- Oral presentation
- Open Access
Decrease of electromyographic activity of concave paraspinal muscles in scoliotic girls after specific soft tissue therapy
© Białek et al; licensee BioMed Central Ltd. 2007
- Published: 12 October 2007
- Prone Position
- Idiopathic Scoliosis
- Cobb Angle
- Paraspinal Muscle
- Concave Side
Progressive idiopathic scoliosis (IS) causes contractures and shortening in the paraspinal soft tissues. Soft tissue related impediments to scoliosis correction may be addressed by a specific physiotherapy. It is assumed that paraspinal concave muscles which develop their action along the chord of the curvature, may promote curve increase. The hypothesis was that specific soft tissue therapy is able to interfere with the concave side muscle activity. The objective of the study was to compare the bioelectrical activity of convex and concave paraspinal muscles at the apex of the curve, before and after specific soft tissue therapy.
Evaluation of surface electromyographic (EMG) records was performed in fifteen consecutive female subjects with IS. They were 14.0 ± 1.6 years of age, presenting a structural single thoraco-lumbar adolescent IS with Cobb angle 29.7 ± 7.2 degrees and 9.5 ± 1.6 degrees of Bunnell angle of trunk rotation . Paraspinal muscle activity at rest was measured, at the convex and concave side of the spine in prone position and in relaxed sitting position, both before and after a single 60-minute session of specific soft tissue therapy. Bioelectrical activity of the muscles was calculated as the area of the surface beneath the integrated EMG curve (plot of voltage versus time).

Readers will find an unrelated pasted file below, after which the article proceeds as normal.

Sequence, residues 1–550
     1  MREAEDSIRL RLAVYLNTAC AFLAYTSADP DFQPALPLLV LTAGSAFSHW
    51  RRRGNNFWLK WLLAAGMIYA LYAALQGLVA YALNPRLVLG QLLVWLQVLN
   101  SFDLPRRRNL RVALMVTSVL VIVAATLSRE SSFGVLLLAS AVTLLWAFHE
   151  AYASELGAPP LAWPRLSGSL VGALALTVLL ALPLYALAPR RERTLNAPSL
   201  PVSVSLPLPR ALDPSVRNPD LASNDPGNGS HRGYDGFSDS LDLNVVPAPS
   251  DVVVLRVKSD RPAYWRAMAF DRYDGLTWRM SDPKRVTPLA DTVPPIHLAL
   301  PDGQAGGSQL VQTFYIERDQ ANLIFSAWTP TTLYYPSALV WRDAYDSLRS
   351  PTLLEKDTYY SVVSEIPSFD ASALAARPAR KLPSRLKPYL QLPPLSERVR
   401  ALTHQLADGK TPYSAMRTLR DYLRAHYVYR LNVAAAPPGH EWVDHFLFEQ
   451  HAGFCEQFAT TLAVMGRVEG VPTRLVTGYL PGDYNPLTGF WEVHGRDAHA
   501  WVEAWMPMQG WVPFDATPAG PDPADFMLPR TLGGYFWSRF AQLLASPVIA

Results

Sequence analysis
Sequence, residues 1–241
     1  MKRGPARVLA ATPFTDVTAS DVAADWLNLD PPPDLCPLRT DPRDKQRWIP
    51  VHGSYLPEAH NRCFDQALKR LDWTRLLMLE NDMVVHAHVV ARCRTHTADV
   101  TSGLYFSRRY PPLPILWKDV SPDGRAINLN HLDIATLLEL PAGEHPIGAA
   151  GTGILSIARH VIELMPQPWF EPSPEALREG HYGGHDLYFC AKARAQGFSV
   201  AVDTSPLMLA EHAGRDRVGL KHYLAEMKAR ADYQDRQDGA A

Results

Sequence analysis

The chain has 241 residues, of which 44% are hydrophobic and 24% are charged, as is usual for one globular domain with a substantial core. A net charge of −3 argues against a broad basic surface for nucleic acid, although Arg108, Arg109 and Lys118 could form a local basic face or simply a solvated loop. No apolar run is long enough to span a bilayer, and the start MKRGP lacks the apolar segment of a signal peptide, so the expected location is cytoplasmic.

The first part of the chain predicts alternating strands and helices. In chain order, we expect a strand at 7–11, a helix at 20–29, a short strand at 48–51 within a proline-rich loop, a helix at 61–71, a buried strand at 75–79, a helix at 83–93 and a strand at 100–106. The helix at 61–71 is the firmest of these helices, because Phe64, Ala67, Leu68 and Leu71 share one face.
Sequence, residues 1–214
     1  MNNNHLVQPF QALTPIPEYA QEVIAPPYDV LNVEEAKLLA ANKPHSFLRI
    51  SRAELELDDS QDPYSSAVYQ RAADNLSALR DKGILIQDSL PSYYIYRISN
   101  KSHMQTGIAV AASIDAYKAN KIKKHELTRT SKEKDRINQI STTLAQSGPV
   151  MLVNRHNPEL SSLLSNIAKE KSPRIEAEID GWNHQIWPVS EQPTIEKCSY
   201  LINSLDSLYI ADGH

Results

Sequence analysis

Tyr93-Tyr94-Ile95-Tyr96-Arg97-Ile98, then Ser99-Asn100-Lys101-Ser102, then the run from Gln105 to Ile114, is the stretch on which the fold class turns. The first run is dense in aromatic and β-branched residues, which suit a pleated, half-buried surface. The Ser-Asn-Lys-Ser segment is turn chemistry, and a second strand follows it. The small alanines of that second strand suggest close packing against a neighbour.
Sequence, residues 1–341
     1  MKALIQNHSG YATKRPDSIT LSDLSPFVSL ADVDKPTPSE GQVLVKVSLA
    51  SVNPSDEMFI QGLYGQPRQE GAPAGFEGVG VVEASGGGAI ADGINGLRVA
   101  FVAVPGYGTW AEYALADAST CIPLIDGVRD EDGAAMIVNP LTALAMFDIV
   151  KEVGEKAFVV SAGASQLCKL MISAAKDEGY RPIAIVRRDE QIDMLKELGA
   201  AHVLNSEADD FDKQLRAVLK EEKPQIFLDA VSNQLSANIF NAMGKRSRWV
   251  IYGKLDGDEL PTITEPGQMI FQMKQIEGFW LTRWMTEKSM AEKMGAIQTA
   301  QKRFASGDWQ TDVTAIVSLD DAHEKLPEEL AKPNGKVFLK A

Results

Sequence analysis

Convex side paraspinal muscle activity revealed higher values than that of the concave side at each position. The difference in convex versus concave was not significant in the prone position (p > 0.05), but was highly significant in the sitting position (p < 0.001). Soft tissue therapy decreased muscle activity at both sides of the spine. The difference was significant at the concave side in the sitting position (p = 0.021) and in the prone position (p = 0.029), but was not significant on the convex side (p > 0.05). After therapy the convex to concave ratio decreased from the mean value of 1.66 to the mean value of 1.20. The difference was not significant (p = 0.32).
A single session of specific soft tissue therapy decreased the bioelectrical activity of the paraspinal back muscles at the concave side of thoraco-lumbar scoliosis.